A haphazard (no to say random) check of the uses of 'pilin' in the corpus at tokipona.net yields these results. Far and away most uses are as a verb (immediately after 'li'). The noun uses are mainly as objects of 'jo' and are mainly of the 'pilin pona' form, though several 'pilin ni:' cases also occur. In the verb position, over half the cases are of the 'pilin pona' type (though more 'ike's than 'pona's, with a few 'nasa's and 'sama's -- from so long ago that it still took 'e'). Almost all of the remainder are 'pilin e ni:', with an occasional 'pilin e kon' "smell" and 'pilin e uta kepeken uta' "kiss" as well as other body parts and the odd physical object like 'kiwen' or 'telo'.
Based on this, it seems clear that by 2009, when the corpus was compiled, 'pilin' operated in at least three ways (from an English point of view, at least, but clearly distinct even in tp). The least significant of these is, roughly, "touch", getting sensation by contact or even just the contact alone. This is tructurally similar to the much larger class, roughly "think that, believe", which take, in effect, a propositional object, indicated by 'ni:'. The sample turned up no clear cases of 'pilin' for thinking in a process sense, unless the two specimens of 'pilin pi x' are cases of "thinking about", as was possible early on. At least possbly related to this are some cases of the noun 'pilin pona', which could be (in the limited context given) good ideas as well as good feelings (in either sense). But for the most part, 'pilin' here matches English "feel" pretty closely and touches only accidentally on English "think".
So, 'pilin pona' matches ''feel good" perfectly, right up to (it turns out) the difficulty in figuring out how it works grammatically. In English, the obvious answer is that "good" is the object of "feel", but the story of of the man who had to fish an oject out of the back of a pretty woman's jeans and in embarassment remarked "I feel a perfect ass" shows this is probably wrong for the case we are considering. The second possibility is that "good" is an adverb modifying "feel". The fact that "good" is usually an adjective with "well" as the corresponding adverb does not discount this suggestion, since "well" can be used in this same construction in exactly the same way -- as well as in the "normal" way of evaluation performance at feeling (odd as that may seem). So, if it is an adverb, it is a different kind from the usual evaluative one, but what kind? At this point we need to consider the differences that the subject makes: "I feel good" is pretty straightforward, but "He feels good" goes in at least two directions (skipping the evaluative): a report about that he would say "I feel good" and a report of the speaker's response to contact with him. In short a to-him/ to me contrast. The latter is clearer with a different term: "This stone feels cold" clearly does not mean that the stone has feelings; rather I have feelings about the stone: that it is cold (whether it is or not is beside the point). And this brings us back to "I feel good", since again whether I am good or not (in the appropriate sense) is not strictly relevant. That is, "I feel good" amounts to "I feel that I am good". The grammar of the collapse is messy, though not unprecedented. The motivation is the usual one of caution. If I say"I am good" (in the understood sense) then I can be easily proven wrong by things like crying, going into a rage and so on. But If I only feel that I am OK, then I am at worst misguided.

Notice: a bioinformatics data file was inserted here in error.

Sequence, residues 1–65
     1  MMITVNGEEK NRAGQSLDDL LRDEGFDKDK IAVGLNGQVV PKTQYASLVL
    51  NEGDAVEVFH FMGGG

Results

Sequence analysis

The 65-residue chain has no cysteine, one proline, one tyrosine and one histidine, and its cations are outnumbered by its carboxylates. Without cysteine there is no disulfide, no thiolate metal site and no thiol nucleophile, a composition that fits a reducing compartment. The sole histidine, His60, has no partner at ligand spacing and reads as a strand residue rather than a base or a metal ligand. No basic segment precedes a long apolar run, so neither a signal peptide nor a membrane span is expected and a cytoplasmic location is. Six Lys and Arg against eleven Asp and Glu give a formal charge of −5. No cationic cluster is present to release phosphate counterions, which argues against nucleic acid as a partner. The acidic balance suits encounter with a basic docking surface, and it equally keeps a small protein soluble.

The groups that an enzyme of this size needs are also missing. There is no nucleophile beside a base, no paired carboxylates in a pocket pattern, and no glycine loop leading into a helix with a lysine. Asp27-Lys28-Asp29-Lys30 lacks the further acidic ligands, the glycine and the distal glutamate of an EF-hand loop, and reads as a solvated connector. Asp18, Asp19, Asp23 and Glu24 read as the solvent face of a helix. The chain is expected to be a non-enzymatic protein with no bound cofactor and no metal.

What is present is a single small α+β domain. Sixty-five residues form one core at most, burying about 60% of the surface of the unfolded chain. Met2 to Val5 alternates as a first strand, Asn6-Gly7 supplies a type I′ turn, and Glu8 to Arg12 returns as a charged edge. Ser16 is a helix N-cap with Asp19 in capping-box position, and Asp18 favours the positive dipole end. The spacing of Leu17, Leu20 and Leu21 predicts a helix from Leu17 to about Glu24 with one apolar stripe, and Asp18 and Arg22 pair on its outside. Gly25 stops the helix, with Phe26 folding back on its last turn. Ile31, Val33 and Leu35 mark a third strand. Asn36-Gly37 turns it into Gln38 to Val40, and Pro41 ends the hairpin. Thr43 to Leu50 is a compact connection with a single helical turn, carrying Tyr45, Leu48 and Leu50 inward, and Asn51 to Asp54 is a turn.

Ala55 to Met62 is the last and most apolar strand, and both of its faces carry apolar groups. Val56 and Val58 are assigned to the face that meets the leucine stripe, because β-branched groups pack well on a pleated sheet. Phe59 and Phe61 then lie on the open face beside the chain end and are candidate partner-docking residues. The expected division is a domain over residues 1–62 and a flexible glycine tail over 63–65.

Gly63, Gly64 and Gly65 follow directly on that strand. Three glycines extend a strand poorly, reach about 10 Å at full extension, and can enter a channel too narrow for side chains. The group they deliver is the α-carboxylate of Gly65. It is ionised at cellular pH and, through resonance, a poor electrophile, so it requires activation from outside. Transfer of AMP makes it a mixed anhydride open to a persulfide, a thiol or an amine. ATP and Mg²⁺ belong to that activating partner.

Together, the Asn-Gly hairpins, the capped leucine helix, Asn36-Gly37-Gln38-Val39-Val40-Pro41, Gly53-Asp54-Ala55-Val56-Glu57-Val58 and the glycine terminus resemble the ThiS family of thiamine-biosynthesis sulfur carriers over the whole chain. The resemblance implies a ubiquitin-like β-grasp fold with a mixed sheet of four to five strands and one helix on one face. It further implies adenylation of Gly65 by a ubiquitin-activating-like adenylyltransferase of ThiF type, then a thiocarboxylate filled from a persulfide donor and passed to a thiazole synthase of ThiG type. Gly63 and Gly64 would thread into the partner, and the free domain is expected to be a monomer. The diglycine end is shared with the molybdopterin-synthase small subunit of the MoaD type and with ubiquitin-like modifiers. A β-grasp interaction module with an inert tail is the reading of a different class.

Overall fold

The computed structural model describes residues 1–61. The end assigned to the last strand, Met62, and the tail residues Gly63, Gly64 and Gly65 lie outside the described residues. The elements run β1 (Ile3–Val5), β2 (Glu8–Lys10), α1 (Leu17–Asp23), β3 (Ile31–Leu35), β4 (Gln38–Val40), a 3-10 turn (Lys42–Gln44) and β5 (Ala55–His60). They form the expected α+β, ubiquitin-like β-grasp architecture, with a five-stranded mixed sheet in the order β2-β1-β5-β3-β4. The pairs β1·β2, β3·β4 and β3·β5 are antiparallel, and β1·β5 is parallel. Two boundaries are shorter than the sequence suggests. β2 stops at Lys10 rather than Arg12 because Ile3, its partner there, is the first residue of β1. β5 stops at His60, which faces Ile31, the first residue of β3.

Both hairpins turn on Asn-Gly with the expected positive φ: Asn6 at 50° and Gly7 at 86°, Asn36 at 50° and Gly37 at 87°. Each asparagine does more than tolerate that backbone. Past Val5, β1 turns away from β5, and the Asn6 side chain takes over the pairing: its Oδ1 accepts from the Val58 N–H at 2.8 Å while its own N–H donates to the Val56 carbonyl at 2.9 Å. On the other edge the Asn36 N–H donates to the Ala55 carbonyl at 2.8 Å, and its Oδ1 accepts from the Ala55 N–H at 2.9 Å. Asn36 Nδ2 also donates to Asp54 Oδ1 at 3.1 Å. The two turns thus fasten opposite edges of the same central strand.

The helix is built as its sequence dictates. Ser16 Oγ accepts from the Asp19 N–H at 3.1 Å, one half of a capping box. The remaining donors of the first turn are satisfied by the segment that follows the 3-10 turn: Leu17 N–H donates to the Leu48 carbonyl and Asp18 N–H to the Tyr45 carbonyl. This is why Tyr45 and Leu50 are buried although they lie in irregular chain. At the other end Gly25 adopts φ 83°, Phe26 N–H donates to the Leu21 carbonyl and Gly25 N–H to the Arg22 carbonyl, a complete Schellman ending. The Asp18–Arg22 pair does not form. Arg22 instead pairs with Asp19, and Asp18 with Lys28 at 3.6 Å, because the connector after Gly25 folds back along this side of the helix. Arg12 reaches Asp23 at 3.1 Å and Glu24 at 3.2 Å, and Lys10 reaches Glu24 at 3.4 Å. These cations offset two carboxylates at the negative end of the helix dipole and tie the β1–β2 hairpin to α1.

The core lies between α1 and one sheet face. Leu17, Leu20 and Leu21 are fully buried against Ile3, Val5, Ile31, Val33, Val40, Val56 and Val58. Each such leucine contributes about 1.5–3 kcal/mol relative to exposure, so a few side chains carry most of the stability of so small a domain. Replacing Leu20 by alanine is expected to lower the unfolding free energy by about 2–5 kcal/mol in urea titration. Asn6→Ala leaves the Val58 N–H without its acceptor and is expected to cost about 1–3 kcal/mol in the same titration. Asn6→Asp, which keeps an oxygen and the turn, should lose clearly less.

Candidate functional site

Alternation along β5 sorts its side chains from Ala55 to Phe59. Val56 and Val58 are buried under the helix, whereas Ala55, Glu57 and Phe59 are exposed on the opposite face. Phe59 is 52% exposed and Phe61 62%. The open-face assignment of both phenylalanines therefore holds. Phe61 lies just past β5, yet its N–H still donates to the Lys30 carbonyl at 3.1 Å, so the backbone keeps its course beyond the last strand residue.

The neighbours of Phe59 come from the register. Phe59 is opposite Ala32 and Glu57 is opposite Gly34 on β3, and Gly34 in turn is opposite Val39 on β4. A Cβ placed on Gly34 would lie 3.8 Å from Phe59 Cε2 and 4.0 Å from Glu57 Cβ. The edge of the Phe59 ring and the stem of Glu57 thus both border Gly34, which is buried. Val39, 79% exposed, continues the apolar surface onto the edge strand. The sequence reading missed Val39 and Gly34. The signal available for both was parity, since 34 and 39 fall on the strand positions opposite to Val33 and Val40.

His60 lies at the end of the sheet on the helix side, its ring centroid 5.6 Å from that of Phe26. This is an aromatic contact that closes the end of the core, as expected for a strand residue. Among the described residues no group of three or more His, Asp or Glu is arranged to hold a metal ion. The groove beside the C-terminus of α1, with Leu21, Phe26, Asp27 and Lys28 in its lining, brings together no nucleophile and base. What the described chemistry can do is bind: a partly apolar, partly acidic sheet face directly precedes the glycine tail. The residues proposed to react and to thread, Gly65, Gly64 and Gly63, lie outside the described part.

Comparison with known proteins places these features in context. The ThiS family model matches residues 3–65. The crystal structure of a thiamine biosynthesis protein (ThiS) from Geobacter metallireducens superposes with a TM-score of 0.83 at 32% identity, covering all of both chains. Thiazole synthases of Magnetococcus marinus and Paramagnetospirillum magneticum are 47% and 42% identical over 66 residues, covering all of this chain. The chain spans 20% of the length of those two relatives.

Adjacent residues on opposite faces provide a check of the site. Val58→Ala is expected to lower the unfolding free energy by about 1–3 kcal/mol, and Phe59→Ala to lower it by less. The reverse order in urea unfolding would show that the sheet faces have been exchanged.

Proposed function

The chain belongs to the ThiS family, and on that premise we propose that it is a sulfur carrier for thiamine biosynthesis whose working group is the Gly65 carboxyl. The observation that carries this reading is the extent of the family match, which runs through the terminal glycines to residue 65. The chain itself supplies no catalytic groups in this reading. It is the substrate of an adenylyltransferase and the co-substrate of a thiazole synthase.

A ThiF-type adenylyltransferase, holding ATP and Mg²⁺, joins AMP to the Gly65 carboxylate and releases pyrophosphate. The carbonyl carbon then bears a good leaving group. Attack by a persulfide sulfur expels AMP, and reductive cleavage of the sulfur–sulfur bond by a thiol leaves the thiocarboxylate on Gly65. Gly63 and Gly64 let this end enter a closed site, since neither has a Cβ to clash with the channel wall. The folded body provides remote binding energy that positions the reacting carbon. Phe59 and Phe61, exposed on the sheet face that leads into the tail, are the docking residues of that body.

This excursion into English need not have a direct effect on the case in tp. However, it does suggest some issues. Taking 'pona' as an adverb to 'pilin' has the usual result of giving an evaluation of performance, which is clearly not intended. Taking it as a direct object also doesn't seem to fit as there is no external object to be felt. (The grammar of this move is carefully not discussed in the textbooks, which are trying to do the rudiments. Once those are mastered, the other tricks, like incorporation -- assumed here -- can be deployed carefully. After all, at some point we do get 'jan pi alasa waso' from 'jan li alasa e waso'.) . As in English, the move from 'mi pilin e ni: mi pona' to 'mi pilin pona' would be complex, but does seem to provide an explanation for the behavior of the expression and a place to put some of the occasionally needed but missing information. It also unifies the various fields of 'pilin' (except the bit about touch)
One thing that this show that is hidden in both the English and the tp is that the good/pona is ultimately a property of the subject, not of the feeling. This appears in the English in a reanalysis "I am feeling-good" (not an impossible -- though an implausible -- reading). This could derive (rather more simply, in fact) from the same underlying sentences as the above reading. And the tp version of that (under the usual rules) would be 'pona pilin'. Indeed, 'pilin pona' as a translation of "feel good" was always odd unless 'pona' was an object, given the shift from AN to NA. Which looks like the 'pilin pona' form is actually an unthinking calque of the English and, so, to be avoided.
The obvious problem with all this is that, under this analysis, 'pilin pona' has nothing to do with my emotions or the like, but only with my beliefs. It does not refer to an internal non-cognitive state, but only to a cognitive one. It is only a cautious claim about some objective truth, not a strong assertion of a subjective one. And that may be unfair to what 'pilin pona' actually does: I may feel good despite all the contrary evidence, even as known to me. But then again, this is a special kind of good, then, as 'pona pilin' and 'feeling-good' suggest.
[This has been an exercise is Humean reasoing. I intuited my conclusion and worked overtime to build a case for it. Now to face the court of common sense.]